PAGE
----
Building with local materials

At the end of the day’s work on Sep 2, as I was driving away, I stopped to take a look at the space created in a day. I was standing at a point half a kilometre away, which is 8′ lower in elevation. There it stood blending smoothly with the environment and with becoming grace, even hiding the concrete strong-room.

Enjoying the coolness of thatched spaces is a forgotten pleasure. When a man of means wants to stay cool today, he aspires for an air-conditioner – even in small towns. When I was young and Chennai had independent houses, open terraces invariably sported a matted structure, often thatched. Now these are rare even in villages. Once most every village had lakes with reeds in them fit for thatching. Villages bragged of their material and workmen. When I went looking, thatchers were scarce to find.

Raju and Kutty clocked many kilometres and finally found the trade just about alive in Kazhapakkam, about 25 km away. The last marshy kilometer to the lake can be reached only by a tractor. It was close to 9pm of a very long day when Raju and Kutty -who went without lunch- returned to the site with a load of 4,000 bundles piled menacingly high on a trailer. Incredibly, on the trailer rolling like a ship at sea, there were also four thatchers riding . It is a condition of the contract we provide all the meals. Kutty’s household was given a catering contract. Raju kindly agreed to camp at the site to keep the men company. They wouldn’t commit how long it might take to finish the job. They had also demanded Rs.200 per day per person, a high wage indeed, even in these times. We guessed it might take four days but it took 7. I was willing to go the distance, because I have known and loved thatched roofs in the last 25 years.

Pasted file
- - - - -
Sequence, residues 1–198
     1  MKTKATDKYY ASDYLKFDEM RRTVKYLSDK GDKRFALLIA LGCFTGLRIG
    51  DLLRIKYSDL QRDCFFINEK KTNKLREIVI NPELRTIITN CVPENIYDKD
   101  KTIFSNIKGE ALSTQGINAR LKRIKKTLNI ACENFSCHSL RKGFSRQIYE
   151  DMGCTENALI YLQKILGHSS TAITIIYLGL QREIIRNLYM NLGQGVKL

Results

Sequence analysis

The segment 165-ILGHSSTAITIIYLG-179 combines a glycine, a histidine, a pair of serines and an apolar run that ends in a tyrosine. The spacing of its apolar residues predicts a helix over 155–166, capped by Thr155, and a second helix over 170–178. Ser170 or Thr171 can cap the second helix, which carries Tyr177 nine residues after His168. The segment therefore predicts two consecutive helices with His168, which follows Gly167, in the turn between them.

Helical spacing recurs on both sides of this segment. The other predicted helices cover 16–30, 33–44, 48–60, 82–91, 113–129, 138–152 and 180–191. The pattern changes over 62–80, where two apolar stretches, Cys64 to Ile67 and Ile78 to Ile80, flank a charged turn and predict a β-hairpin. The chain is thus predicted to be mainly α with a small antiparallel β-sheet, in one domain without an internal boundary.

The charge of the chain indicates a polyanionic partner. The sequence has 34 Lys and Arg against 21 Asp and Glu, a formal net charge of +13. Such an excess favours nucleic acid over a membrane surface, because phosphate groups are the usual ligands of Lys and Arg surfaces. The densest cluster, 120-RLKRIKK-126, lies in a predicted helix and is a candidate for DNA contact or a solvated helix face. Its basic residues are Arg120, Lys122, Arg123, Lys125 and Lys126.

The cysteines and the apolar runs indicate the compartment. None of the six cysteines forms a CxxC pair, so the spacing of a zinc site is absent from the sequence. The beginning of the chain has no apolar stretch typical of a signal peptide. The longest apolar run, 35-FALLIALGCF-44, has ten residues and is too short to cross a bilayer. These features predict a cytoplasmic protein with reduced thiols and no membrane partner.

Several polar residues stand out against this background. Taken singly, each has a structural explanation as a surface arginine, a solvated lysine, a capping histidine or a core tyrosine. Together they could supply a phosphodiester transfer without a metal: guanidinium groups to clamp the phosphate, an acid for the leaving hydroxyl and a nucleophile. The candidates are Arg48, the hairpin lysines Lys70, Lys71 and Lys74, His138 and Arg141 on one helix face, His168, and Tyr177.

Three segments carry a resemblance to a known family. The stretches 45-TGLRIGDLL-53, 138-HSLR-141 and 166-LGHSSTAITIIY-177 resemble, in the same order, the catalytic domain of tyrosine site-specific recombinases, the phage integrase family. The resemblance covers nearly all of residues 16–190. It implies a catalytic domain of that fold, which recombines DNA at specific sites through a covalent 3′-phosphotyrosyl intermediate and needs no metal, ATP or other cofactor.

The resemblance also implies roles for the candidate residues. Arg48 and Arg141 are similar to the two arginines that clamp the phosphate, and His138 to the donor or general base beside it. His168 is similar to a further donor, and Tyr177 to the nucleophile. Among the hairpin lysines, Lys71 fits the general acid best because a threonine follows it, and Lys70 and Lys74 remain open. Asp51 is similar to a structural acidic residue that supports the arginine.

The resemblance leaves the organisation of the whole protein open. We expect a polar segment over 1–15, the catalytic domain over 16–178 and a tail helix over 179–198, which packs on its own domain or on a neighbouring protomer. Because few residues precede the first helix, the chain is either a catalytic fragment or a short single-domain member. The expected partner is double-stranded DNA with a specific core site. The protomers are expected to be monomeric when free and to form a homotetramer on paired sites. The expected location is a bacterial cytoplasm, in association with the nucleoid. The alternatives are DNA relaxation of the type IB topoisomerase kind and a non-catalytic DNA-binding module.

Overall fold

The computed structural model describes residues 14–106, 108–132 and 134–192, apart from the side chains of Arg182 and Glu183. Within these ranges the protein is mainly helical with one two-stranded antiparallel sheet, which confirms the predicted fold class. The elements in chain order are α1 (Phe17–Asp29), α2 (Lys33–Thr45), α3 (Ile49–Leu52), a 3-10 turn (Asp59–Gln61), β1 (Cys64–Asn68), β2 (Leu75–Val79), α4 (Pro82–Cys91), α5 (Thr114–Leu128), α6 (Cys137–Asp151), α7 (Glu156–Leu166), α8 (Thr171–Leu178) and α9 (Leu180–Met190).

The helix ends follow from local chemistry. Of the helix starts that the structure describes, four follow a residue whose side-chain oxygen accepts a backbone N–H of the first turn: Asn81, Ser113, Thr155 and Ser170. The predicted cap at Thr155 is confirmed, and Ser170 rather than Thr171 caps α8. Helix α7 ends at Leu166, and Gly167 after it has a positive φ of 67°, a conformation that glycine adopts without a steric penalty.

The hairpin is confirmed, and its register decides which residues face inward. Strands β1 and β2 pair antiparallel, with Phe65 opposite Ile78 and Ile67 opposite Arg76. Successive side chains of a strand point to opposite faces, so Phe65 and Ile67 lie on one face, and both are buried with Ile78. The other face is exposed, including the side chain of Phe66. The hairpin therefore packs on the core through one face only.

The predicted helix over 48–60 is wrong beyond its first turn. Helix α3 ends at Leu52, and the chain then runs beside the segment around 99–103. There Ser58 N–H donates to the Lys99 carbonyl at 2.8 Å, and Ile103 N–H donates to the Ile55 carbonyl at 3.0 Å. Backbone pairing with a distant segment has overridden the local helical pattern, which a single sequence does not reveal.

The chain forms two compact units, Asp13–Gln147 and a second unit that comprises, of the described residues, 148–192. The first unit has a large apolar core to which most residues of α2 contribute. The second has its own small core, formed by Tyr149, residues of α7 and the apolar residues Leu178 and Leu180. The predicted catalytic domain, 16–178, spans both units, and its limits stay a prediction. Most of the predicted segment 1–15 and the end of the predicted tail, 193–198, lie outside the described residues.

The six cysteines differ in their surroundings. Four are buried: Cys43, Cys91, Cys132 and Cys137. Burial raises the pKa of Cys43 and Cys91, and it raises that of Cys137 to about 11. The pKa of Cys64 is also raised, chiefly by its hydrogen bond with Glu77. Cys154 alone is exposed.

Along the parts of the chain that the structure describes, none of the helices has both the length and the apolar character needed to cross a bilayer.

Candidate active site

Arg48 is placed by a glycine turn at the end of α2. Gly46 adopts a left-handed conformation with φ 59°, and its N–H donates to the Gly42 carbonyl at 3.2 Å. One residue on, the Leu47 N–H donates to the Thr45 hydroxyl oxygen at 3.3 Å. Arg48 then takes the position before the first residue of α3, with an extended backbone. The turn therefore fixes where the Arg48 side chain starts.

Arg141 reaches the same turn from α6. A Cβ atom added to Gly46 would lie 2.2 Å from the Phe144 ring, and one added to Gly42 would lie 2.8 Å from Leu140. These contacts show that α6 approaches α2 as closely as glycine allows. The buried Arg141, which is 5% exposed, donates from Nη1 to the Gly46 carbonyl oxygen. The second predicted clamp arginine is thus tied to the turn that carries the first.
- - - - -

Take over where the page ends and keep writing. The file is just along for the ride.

They would rise early morning and get busy. The first three days were spent unbundling the harvested reeds, carding out the unusable strands and tie the rest into small bundles that can be tossed up to thatchers on the roof. This seemed interminable. On the second day, we brought in two local people as well. Then they declared they’d need at least another 1,000 bundles. Raju and Kutty made another horror run to the lake. The project was slowly becoming an unending story with no plot.

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